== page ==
A Tale of Two Brownfields (reprinted from City Limits)

Marc Fader/City Limits

Reprinted from City Limits

A Tale of Two Brownfields

Even as a city program for cleaning up contaminated sites shows promise, two tainted areas in Brooklyn reflect different challenges that remediation can face—like pricetags and politics.  WG Ed. Note: This may not be in everyone’s consciousness but it needs to be there. Almost all of the Brownfields are in our neighborhood.

By Jake Mooney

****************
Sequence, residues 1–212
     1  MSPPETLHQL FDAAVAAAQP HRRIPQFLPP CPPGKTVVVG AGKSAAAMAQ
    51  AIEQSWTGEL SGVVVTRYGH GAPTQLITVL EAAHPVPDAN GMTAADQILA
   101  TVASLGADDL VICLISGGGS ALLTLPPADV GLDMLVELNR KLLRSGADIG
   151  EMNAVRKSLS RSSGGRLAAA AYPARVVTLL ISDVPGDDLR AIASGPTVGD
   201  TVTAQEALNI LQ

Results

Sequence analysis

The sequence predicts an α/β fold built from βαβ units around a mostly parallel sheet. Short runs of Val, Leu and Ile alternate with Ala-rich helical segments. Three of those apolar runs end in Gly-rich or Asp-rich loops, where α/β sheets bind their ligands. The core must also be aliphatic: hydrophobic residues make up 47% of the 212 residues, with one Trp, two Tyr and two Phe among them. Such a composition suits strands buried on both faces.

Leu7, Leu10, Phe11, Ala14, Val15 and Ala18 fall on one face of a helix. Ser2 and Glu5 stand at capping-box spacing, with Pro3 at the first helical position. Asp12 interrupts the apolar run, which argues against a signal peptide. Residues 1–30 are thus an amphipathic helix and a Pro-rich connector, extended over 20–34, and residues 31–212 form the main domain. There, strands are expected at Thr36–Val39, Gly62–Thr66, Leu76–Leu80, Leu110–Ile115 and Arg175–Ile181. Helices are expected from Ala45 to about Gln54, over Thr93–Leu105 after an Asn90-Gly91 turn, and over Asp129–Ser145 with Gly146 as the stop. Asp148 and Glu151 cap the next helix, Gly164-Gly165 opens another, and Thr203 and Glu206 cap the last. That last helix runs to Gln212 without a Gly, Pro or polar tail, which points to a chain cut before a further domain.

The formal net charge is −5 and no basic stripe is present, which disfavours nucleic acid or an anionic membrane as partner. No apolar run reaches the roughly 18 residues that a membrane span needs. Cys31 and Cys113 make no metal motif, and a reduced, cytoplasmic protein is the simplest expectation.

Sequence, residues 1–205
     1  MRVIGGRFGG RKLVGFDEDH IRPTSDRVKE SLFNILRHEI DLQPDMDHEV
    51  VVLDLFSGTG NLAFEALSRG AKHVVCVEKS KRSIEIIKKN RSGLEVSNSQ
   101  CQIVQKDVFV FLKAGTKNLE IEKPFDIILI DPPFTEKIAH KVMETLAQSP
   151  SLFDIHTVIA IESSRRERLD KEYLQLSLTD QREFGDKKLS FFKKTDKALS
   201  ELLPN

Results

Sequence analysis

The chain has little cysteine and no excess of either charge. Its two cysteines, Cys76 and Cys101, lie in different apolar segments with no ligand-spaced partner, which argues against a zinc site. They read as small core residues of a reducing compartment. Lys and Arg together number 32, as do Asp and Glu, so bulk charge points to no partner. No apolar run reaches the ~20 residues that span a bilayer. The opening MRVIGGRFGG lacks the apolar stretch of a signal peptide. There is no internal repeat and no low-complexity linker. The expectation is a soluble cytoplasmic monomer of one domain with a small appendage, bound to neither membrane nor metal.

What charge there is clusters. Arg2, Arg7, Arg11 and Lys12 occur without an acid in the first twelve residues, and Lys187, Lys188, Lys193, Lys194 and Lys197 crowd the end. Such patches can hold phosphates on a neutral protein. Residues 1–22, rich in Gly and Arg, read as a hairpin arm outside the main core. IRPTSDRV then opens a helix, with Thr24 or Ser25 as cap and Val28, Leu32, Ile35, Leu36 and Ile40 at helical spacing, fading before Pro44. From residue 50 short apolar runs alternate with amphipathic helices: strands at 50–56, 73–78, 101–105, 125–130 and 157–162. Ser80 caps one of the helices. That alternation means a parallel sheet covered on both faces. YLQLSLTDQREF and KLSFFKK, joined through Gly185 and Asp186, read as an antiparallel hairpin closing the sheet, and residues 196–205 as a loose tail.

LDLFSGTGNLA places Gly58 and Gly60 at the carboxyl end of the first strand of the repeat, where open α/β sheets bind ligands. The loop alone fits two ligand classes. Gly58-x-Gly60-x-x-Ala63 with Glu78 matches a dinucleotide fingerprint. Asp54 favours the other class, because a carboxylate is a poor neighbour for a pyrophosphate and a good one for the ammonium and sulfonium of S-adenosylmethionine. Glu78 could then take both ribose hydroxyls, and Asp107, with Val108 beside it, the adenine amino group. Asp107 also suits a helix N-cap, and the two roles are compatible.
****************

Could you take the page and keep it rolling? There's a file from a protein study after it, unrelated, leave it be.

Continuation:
As far as anyone knows, the long, low brick building at 1127-1129 Irving Avenue, just on the Queens side of the Brooklyn-Queens border, became a brownfield-in-waiting around 1940, when the building’s owners began importing monzanite sand from the Belgian Congo. The owners, at the Wolff-Alport Chemical Company, extracted rare earth elements from the sand to sell, and then sold some of the leftover thorium, a radioactive byproduct, to the federal Atomic Energy Commission. The rest, they dumped down the sewer.  Click to continue reading.